I just can't imagine such rain in Texas, but the weather seems to be surprising people all over the globe lately.

Pleased you had such a lovely Thanksgiving at least.
My first spring in my house the county flooded. The water didn't get into the house, but it did get into the duct work which meant a new furnace. I still get water under the house but have also installed a sewage pump for a sump pump (the difference is it will grind up whatever solids get into it without plugging up) and am getting the outside drainage fixed, hopefully, finally. And rain makes me nervous, too, but I am making myself be calm and it's helping.
Ain't it nice how life is always full of surprises?
never can tell what a day will bring

Well told.. fun even! At least a well timed happy ending for youse guys :D
good grief. I remember the gorgeous pictures of your house. I'm sure it is gorgeous again...reclamation people are quite amazing creatures. Insurance is something I no longer feel bad about paying after trees downed by storms on our roof and pool. I now have a living room of new furniture when we opted not to replace the pool my husband hated. Glad you had a fun Thanksgiving.
Linda - I try not to freak out every time the weather forecast mentions rain. And I pay lots of attention to those area drains. Sure is good to be back in the house and out of the hotel.

Phyllis - Thank goodness you didn't get water in your house, but I know a new furnace isn't cheap. I still love thunderstorms, but they sure make me nervous now and I hate that.

Jane - Mother Nature can sure be a bitch sometimes. ;-)

tr ig - yep, that was definitely a big surprise. But hey, at least we got gorgeous new floors and new paint throughout the house.

Mimetalker - you're right - I am still so impressed by the water reclamation company - amazing folks. Their company motto is "Like It Never Even Happened" and I have to say they do a great job living up to it.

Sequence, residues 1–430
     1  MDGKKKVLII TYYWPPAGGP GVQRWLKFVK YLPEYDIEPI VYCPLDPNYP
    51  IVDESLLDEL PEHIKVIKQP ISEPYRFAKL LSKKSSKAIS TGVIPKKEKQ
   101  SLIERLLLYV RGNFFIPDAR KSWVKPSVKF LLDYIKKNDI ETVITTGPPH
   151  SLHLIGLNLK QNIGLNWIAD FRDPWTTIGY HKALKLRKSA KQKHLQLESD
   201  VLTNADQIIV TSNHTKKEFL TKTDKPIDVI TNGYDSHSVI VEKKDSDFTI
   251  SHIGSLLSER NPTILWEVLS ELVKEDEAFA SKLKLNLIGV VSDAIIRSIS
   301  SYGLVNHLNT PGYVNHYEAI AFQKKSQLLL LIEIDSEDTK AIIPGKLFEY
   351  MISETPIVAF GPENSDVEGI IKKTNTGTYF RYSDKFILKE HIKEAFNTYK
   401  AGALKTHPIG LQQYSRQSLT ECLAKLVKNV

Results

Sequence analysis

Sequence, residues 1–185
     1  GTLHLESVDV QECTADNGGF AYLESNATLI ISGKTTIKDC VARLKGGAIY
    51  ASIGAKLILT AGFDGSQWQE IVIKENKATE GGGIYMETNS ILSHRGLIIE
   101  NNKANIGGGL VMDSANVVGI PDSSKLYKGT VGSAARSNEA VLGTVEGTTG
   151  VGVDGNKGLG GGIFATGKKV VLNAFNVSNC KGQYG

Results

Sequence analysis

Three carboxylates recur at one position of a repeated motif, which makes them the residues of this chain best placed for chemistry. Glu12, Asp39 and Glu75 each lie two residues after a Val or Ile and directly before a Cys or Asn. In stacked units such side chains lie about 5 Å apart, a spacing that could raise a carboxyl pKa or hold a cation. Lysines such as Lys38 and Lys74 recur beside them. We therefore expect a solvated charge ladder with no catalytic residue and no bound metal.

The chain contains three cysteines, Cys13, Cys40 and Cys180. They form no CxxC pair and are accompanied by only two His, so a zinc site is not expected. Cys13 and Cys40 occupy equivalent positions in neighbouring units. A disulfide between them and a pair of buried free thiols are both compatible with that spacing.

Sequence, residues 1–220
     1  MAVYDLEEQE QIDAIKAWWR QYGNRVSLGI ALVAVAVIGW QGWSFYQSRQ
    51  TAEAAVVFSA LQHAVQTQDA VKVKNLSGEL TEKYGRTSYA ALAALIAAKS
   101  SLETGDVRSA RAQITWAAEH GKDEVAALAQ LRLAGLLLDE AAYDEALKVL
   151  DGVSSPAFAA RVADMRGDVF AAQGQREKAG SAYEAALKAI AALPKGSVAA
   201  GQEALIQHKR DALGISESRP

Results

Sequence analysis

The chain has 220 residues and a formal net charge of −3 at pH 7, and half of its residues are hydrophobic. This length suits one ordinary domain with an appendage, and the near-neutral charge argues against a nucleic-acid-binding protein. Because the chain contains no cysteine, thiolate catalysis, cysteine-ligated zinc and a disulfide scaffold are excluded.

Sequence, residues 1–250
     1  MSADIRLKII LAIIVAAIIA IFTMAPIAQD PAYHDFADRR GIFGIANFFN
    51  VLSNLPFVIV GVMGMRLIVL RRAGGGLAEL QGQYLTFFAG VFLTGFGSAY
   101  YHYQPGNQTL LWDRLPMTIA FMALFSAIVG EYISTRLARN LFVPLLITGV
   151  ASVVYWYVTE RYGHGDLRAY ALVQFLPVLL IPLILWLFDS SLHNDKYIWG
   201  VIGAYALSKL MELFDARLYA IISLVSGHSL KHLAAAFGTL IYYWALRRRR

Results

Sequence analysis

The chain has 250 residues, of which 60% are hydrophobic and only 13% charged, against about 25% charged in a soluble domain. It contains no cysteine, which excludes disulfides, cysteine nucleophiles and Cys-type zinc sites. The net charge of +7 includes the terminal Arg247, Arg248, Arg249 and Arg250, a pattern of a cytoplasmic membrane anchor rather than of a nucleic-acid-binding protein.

Oh no! I am so sorry! It's amazing how even a few inches of water can wreak such total devastation. I understand being nervous when it rains now. We get like that a lot.
Jeanette - Watching the news tonight, the weatherman predicted rain for the weekend and I felt my stomach clench. Ugh!
well, that is one horrible bitch of a problem, bathrooms backing up and drains not draining and - the worst - insurance claims people trying to get you to take less than you should for the damage. but if anyone can come through it on the plus side (meltdowns not counted, of course) with new floors and a terrific family dinner *and* a great story that she wrote with her very own hands, it's my friend kim. whew. i'm sure glad that sentence is over and your water disaster, too. happy thanksgiving, girl. xoxo
I love you, Candace! Best sentence EVER!
What a nightmare. So glad it had a happily-ever-after ending.
What a nightmare. So glad it had a happily-ever-after ending.
Love and prayers, sent your way...and yes, silver linings!!
I am so glad there was a silver lining. Your husband seems to be a psychic! I would pay attention to his "feelings!"
Congratulations on the new house and home! No house is a home until the occupants have a few stories, all their own, about living there. You've jumped that broom and now you have a home. Catastrophy be dammed.
Tril, Michelle and Susie - The nightmare is fading and we are enjoying the silver lining more every day. Thank you for your lovely comments!

Scylla - love that thought - catastrophe be damned! Thank you, dear Scylla.